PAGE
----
And this from Interfluidity: “We are all tired of the lies, Mr. Geithner. By all means, let nationalization be a last resort, and do all you can to offer liquidity to private parties willing to take both the upside and downside of speculating in questionable paper. But if you keep nationalizing the downside and privatizing the upside, it will not be very long at all before the public concludes that stress tests and market prices are just a sleight-of-hand for Davos man while he picks our pockets, again. Act fairly, and you may end up nationalizing the worst few of the larger banks. Keep up the games, and we will insist that you nationalize them all. It is getting hard to believe that there is a banker in the land who has not already robbed us. Eventually we will tire of drawing fine distinctions.”
And in a revealing article from London’s Financial Times comes this: “At the heart of the internal battle inside the Treasury Department is what to do with the estimated $2 trillion of toxic and mostly mortgage-related debt that is threatening to topple the entire banking sector – the bedrock of US capitalism.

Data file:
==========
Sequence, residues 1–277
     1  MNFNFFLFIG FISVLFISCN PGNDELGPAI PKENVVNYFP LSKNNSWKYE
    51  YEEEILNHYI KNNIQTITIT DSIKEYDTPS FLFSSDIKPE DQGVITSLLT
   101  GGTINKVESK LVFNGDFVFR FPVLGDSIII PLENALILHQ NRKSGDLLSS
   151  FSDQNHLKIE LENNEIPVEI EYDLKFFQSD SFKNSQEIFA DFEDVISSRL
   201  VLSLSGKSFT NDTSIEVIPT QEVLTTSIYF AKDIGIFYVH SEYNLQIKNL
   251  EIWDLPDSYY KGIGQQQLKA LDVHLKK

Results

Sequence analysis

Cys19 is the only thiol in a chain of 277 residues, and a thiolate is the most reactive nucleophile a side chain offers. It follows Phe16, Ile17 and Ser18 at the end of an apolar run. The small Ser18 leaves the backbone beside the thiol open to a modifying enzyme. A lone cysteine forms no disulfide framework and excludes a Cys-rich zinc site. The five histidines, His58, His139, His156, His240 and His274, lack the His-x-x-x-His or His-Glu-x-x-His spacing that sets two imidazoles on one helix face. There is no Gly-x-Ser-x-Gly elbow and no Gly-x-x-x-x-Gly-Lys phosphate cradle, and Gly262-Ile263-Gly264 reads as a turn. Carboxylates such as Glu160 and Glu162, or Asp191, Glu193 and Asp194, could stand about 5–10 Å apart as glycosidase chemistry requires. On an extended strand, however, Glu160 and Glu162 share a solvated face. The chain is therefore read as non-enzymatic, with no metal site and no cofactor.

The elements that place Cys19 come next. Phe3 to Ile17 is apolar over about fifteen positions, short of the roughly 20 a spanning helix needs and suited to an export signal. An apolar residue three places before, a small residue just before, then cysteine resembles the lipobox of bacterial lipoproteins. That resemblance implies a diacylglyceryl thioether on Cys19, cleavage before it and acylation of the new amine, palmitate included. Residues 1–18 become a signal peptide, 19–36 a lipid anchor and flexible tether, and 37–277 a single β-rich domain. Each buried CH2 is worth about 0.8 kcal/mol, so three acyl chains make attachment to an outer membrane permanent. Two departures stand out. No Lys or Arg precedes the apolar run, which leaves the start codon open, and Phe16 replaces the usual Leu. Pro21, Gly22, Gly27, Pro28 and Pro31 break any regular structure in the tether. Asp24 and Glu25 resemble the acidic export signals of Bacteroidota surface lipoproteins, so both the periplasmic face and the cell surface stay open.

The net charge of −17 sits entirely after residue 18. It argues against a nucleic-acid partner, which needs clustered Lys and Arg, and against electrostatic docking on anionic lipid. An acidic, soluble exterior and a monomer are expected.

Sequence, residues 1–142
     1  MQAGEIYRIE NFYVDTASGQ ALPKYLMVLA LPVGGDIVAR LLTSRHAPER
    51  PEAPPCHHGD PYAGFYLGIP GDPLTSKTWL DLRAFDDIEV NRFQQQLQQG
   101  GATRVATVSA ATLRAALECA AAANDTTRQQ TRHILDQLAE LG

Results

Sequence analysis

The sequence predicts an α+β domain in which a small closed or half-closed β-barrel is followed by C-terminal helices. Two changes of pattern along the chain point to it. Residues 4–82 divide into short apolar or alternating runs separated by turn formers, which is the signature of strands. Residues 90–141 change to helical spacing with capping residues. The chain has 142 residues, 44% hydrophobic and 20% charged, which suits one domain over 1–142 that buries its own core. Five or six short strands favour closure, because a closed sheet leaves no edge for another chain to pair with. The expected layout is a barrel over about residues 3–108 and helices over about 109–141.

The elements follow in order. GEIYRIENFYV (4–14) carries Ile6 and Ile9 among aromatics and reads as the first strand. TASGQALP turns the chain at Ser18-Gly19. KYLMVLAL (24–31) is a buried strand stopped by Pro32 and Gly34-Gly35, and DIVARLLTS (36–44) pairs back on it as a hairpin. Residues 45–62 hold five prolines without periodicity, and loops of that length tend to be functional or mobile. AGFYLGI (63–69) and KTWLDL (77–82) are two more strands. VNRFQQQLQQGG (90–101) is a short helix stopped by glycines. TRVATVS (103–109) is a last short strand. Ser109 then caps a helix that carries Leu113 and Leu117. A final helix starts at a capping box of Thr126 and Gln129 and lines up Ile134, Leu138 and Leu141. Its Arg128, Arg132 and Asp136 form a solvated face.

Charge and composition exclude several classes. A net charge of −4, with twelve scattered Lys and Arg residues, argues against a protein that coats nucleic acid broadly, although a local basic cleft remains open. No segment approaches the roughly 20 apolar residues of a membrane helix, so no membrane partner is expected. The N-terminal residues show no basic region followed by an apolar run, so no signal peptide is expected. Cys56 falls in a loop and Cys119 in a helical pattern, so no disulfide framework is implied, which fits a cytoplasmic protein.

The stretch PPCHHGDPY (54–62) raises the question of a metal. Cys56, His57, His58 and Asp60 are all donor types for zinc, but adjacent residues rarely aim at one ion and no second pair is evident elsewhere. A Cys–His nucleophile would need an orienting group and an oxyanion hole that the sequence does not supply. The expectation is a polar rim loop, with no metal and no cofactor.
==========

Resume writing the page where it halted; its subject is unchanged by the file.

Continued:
When Mr Geithner announced his plan to stabilise the financial sector last week it was received badly because it was so short on detail. The heart of the strategy – his prescription to remove the bad debt off the banks’ books – was to entice private investors to buy up the toxic assets. He gave no firm proposals, however, about how the loans would be valued and how the private sector would be co-opted.
It has now emerged that Mr Geithner was deliberately vague at his press conference because he had a change of mind and suddenly began to pursue a different course.
He decided that his original plan to use government funds to buy up the toxic assets was too expensive and exposed taxpayers to too much risk, and that using the private sector was the best option.”
This seems to get back to our initial reaction to Geithner’s roll out two weeks ago. At that time we interpreted this plan to be, in effect, an RSVP to private investors. If they didn’t take the RSVP, then the message seemed to be pretty clear: “Well, a guy’s gotta do what a guy’s gotta do.”
Cowboy Up Mr. Geithner. Time to kick some serious rear-end.